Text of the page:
On Sept. 28, 1874, encampments of Comanches, Kiowas, Kiowa Apaches, Cheyennes, and Arapahos were attacked by the Fourth United States Cavalry in the Palo Duro Canyon.
The Cavalry forced the indigenous people to leave their belongings as they were violently run off their land.
Many fought back and resisted, but still their homes were burned and winter goods stolen.
The Fourth Cavalry took more than 1,000 horses from the encampment to a canyon where they slaughtered them. They stole about 300 more for their own purposes. This was done to ensure that the Plains Indians would be immobilized and therefore could not sustain their community.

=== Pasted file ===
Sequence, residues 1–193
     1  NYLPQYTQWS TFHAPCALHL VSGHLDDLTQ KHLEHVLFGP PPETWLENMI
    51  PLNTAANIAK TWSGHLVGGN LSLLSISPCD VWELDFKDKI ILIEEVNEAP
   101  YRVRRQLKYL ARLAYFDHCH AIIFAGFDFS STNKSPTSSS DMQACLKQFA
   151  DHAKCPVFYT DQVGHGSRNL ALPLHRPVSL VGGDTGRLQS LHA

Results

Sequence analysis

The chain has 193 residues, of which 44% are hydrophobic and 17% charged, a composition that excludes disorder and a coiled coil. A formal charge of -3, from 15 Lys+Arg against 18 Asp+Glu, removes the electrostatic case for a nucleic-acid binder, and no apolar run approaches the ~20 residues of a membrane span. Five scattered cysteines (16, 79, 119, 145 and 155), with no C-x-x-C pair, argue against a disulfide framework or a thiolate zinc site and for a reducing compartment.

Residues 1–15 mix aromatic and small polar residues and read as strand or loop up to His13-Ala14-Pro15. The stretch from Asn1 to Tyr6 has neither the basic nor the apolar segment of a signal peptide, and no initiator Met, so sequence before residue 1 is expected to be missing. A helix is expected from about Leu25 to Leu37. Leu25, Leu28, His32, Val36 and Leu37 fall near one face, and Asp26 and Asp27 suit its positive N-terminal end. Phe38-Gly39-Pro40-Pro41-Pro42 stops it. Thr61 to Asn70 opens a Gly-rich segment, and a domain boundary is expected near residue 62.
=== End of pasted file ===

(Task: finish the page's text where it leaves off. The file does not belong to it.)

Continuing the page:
The Battle of Palo Duro Canyon was a major battle of the Red River War, a military campaign to forcibly move Southern Plains Indians to reservations in the Indian Territory.
Thanks to Erik Barnhill for suggesting this post. He had travelled to the area and was dismayed to see markers that describe this tragic event as a “victory.”